Though things have been quiet of late on Josh Donaldson’s front, he’s the last remaining position player left in the elite category, so a signing could take place at any moment. Ken Rosenthal said last week that he believes it will come down to the two division rivals – the Braves and Nationals – but also included a fourth year could be the deciding factor. Jim Bowden reported that several teams would be willing to offer Donaldson a fourth year, and The Athletic’s David O’Brien has repeated on numerous occasions that he does not see the Braves being one of those teams. With all that in mind, there’s a real chance the Braves star third baseman signs elsewhere, forcing Anthopoulos to mull over his backup options.
Those moves could come from free agency, the trade market, or both. But one thing is certain: Atlanta plans to stay busy. They’ve already spent close to $100 million this offseason, made a run at Anthony Rendon, and have discussed a Nolan Arenado trade with the Rockies. Anthopoulos is thinking big, as the Braves look to go all-in, so here are a few Plan B’s if Donaldson chooses to walk.
I’ll start with the obvious one. I’ve already talked in detail why I believe trading for Bryant instead of re-signing Donaldson may be in the Braves’ best interest. You can read that, here. Bryant and Donaldson are similar in terms of value. The difference is Bryant is much younger, less of an injury risk, will cost less, and only requires two years of commitment. After that, the Braves can decide whether they want to pony up the immoral salary that he will likely command (probably not). But still, Atlanta will have him under contract for two years – provided he does not win his arbitration case – in the middle of their window of contention.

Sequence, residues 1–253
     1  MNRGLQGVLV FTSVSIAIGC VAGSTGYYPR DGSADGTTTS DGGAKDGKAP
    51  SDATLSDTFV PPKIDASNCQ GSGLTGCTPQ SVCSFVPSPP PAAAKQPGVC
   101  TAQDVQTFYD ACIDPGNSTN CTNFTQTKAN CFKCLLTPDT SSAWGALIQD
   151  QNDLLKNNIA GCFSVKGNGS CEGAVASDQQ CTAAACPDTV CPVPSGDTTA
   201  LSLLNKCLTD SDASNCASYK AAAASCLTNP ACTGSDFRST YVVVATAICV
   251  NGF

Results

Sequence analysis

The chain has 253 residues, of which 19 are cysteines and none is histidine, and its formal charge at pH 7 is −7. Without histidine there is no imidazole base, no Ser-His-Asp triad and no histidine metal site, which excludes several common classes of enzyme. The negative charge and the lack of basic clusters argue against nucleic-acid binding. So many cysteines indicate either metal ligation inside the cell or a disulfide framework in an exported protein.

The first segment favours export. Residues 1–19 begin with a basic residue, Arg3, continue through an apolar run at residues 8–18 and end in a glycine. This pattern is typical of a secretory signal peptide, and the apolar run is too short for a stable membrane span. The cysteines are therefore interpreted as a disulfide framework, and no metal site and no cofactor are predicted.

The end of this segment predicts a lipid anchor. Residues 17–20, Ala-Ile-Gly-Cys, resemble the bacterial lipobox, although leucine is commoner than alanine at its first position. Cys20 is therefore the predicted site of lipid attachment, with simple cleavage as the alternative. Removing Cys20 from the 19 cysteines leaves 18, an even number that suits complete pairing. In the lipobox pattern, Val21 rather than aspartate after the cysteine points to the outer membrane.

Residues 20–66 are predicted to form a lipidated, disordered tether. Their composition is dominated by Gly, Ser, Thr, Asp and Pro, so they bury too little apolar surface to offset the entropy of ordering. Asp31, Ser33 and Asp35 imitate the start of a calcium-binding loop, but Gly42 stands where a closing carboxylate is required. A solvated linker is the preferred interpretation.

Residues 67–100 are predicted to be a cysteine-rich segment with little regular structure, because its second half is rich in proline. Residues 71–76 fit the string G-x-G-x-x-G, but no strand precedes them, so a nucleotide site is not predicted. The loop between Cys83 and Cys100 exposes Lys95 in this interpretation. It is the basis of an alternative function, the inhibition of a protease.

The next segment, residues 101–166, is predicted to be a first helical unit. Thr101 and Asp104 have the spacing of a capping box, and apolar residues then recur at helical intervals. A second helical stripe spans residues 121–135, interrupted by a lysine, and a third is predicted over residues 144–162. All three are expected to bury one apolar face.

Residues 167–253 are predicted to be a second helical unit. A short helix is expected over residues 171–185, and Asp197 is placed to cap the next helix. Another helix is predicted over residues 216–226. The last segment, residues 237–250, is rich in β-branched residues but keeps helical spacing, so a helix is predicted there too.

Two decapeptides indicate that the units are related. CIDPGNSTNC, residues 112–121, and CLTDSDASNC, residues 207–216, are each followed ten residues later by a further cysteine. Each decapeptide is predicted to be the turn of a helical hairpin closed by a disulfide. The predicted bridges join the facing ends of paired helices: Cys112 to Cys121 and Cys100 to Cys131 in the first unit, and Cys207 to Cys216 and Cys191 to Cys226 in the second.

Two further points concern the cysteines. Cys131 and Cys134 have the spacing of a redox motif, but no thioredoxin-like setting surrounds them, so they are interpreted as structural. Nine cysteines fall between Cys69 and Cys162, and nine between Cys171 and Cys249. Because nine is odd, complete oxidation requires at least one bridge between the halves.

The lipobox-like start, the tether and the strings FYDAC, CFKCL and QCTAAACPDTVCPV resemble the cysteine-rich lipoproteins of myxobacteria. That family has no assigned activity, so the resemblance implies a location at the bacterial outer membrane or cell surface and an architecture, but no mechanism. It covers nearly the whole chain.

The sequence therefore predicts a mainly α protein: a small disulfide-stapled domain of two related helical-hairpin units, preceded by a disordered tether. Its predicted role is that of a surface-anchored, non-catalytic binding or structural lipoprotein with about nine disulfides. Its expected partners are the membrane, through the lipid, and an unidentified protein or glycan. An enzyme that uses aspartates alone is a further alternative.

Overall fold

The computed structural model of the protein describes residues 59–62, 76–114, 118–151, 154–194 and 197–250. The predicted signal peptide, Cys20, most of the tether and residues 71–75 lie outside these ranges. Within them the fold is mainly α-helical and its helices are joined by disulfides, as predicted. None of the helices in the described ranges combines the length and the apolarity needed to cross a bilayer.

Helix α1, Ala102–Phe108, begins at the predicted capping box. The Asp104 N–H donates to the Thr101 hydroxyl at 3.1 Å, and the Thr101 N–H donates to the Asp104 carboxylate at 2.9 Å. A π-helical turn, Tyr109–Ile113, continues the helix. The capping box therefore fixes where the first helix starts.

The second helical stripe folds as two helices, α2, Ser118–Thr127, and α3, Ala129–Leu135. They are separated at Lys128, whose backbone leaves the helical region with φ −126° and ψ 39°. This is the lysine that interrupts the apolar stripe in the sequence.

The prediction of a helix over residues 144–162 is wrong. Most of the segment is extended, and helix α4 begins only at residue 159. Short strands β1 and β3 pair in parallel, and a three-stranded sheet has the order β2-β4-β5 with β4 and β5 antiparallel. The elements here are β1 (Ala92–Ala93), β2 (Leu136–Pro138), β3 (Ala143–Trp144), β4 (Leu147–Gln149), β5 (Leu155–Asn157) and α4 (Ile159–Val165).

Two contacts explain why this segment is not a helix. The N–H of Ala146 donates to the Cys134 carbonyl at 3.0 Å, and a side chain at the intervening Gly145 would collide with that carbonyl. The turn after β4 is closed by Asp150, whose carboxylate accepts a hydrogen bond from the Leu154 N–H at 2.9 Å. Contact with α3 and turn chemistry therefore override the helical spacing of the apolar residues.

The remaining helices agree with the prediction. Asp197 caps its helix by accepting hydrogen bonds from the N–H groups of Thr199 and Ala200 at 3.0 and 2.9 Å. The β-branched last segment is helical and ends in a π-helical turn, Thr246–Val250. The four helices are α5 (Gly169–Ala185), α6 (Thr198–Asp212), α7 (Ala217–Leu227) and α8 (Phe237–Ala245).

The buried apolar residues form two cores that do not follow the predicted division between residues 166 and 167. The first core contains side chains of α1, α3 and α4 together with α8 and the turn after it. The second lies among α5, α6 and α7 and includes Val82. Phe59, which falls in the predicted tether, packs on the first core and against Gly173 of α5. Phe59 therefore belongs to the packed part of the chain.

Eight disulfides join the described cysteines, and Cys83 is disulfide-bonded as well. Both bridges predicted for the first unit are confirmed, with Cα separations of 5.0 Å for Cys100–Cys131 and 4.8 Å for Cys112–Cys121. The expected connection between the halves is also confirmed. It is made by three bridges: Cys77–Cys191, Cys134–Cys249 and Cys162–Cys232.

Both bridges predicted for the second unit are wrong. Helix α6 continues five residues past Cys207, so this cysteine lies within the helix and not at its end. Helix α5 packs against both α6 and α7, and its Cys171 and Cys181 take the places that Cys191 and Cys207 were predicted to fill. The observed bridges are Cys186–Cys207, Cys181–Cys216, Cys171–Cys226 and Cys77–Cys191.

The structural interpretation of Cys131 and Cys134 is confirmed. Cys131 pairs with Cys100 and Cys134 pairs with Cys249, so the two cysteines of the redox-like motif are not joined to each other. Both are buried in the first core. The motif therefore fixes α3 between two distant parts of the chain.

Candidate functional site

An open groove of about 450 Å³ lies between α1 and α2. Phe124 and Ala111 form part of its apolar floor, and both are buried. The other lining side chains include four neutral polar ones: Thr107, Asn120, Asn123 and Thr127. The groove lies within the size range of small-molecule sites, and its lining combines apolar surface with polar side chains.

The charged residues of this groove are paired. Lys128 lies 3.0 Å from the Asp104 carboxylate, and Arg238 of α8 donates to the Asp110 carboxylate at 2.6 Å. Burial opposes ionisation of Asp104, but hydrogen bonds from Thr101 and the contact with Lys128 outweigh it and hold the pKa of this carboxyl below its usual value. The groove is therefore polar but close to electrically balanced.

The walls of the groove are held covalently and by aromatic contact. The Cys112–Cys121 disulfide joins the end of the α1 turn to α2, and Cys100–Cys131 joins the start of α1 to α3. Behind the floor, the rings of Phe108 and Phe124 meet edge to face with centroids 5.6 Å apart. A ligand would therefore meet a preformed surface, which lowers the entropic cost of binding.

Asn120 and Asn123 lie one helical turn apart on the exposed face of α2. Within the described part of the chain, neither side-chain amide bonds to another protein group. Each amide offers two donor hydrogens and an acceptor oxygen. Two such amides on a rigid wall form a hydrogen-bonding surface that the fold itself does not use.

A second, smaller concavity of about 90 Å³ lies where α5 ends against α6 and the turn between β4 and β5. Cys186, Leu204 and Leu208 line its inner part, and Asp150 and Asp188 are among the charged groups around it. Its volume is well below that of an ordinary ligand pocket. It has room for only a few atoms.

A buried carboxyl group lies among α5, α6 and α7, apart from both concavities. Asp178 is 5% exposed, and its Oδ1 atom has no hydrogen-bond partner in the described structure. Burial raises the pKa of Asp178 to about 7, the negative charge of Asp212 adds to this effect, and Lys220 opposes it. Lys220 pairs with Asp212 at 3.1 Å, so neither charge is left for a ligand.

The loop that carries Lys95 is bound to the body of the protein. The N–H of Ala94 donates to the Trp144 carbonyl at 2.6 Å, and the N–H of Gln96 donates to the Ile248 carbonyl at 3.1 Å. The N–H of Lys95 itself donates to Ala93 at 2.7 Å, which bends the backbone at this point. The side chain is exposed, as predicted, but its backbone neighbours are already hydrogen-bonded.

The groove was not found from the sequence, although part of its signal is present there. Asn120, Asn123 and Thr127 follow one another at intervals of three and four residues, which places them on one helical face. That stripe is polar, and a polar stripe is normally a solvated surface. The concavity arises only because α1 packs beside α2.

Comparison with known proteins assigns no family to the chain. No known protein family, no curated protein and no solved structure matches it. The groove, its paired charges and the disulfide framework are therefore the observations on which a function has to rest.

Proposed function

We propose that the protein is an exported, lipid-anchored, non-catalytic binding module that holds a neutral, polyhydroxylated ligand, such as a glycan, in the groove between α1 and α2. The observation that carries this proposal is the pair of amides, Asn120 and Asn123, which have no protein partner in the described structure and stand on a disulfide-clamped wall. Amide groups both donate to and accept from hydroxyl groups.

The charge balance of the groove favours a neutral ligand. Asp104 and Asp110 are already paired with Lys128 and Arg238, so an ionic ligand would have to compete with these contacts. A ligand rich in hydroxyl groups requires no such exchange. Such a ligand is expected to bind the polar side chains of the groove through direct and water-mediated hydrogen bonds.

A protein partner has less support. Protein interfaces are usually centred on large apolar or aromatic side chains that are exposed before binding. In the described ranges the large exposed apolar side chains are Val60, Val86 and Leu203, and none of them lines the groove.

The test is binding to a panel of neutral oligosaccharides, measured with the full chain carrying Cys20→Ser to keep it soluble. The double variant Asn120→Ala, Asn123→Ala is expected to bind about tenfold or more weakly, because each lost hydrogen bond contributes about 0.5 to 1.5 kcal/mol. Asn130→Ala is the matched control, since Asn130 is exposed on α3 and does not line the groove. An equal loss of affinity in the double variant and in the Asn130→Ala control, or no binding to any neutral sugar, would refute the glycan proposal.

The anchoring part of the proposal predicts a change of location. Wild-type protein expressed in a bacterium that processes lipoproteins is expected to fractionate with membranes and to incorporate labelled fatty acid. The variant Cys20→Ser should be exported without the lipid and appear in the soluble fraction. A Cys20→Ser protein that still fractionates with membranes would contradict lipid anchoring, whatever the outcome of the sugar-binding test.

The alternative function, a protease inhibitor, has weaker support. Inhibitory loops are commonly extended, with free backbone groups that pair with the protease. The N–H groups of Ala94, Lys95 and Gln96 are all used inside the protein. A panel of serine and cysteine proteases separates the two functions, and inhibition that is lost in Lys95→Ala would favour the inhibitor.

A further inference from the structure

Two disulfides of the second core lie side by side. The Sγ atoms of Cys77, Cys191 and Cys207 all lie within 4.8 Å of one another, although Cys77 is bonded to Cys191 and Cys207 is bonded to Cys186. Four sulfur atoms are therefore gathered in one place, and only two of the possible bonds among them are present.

There is risk involved, considering the young talent the Braves will have to part ways with, but there might be even more risk to signing a 34-year-old Donaldson for four years. And if you take into account that Bryant is likely to be owed $10 million less than the Bringer of Rain next year, it might leave room for Atlanta to make even more additions to their roster before next season.
When people first started asking me if the Braves are going to go after Nolan Arenado, I giggled a little bit. Sure, the Rockies are listening on deals because they have to if Arenado wants out, but it will probably cost an arm and a leg to acquire him. On top of that, the Braves have had a hesitancy to make any long-term deals, so why would they be willing to take on the remaining seven years and $234 million of Arenado’s contract?
However, on the Ryen Russilo podcast, Jeff Passan said not only did the Braves make a run at Anthony Rendon, but they have discussed a trade for Nolan Arenado. Anthopoulos seems to have a lot more money at his disposal this offseason for the right deal. But given Arenado’s contract, the Braves are not going to want to give up several blue-chip prospects as well, which is what it is going to require for his services. A potential deal is more likely than I originally thought but remains highly inprobable.